Josette Macias, a Nutrition Services Worker, as her team met cars in front of the gymnasium at Diamond Bar High.

The free meals are available to all children under 18 years old, who must be present during pick-up, for the drive-through service that runs 7:30 a.m. – 10:00 a.m. Monday through Friday.

“Yesterday we served over 300 and are expecting a lot more today,” shared Walnut High staff member Ana Aguilera on March 17 as a steady stream of cars entered the staff parking lot.

“We’ve got to take care of our kids – kids come first!” said Eva Generalao who was in kitchen helping prepare meals at 6:30 a.m.

At the end of the morning shift, over 1,800 meals, triple the number from the previous day, had been served at both high schools.

“It’s a good feeling because the District can share this food with our students,” Aguilera said.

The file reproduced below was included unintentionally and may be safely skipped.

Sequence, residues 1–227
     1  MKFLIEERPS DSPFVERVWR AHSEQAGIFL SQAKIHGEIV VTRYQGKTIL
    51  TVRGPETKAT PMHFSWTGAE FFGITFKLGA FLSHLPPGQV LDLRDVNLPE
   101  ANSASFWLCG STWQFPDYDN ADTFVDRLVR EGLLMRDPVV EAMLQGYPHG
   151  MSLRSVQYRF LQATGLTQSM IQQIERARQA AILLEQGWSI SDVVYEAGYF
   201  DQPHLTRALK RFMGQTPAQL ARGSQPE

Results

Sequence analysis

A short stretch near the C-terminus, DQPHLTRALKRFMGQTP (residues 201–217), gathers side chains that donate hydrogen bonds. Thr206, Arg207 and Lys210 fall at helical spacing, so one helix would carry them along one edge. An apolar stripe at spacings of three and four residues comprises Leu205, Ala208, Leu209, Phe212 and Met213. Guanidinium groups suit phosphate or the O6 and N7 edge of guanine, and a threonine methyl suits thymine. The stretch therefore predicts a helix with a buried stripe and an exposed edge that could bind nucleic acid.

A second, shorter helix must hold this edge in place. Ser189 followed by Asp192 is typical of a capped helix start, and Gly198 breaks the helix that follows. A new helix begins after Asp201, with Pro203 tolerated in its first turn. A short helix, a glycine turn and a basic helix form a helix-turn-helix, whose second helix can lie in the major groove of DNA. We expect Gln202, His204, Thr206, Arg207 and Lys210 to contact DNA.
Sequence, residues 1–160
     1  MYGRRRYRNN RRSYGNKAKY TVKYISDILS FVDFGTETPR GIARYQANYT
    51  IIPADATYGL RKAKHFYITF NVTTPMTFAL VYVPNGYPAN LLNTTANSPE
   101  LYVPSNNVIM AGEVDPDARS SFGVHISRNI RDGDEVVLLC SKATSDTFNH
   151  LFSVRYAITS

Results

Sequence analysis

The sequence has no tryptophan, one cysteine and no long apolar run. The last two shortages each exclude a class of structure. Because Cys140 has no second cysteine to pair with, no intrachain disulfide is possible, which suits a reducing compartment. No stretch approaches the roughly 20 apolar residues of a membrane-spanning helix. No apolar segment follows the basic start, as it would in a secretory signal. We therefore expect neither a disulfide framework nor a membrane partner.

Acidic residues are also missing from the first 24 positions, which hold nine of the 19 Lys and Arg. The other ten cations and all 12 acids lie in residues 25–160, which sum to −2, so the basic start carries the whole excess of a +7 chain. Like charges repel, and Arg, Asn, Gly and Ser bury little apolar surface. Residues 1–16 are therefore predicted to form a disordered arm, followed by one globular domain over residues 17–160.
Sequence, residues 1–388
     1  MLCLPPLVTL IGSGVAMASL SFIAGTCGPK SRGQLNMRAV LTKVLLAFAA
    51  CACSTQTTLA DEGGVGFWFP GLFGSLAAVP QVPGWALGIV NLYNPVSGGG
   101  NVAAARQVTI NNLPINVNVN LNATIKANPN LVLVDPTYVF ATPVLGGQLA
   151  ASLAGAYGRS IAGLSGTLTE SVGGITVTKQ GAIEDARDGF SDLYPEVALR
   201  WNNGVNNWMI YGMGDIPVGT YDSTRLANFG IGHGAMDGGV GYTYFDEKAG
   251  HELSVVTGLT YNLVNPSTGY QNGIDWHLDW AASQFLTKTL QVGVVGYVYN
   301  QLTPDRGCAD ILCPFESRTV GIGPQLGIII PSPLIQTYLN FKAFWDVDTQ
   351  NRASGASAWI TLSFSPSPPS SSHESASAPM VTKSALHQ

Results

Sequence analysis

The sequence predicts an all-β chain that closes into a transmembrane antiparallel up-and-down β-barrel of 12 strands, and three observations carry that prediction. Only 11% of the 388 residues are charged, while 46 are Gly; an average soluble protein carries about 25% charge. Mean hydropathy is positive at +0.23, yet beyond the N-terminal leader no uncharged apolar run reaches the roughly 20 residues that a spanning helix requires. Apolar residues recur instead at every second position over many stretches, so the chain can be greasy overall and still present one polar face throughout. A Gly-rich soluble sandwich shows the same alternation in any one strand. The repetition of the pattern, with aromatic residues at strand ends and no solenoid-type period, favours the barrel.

“And the people are so appreciative!”

“It’s nice to help at a time like this,” shared Rachelle Serrano as she provided the curbside service to families.

Parents signaled the number of children in each vehicle and then staff quickly handed off the packaged meals.

Serrano also delivered something special to each car – a friendly smile, a wave, and a “have a good day!”

For more information, please visit www.walnutnutrition.org.

Instrumental Music Building Construction Begins at Diamond Bar High

Superintendent Dr. Robert Taylor, Principal Dr. Reuben Jones, Board Members Helen Hall, Cindy Ruiz, Larry Redinger, Dr. Tony Torng, Layla Abou-Taleb, DBHS alumni Janeen Yamak, Katie Samrick, Teachers Marie Sato and Steve Acciani.

By Kelli Gile

DIAMOND BAR, CA—Walnut Valley USD marked the groundbreaking of a three-story Instrumental Music Building at Diamond Bar High School on February 19.

Over 150 residents, parents, students, staff, and community leaders attended the celebration for the state-of-the-art addition to the premier music program.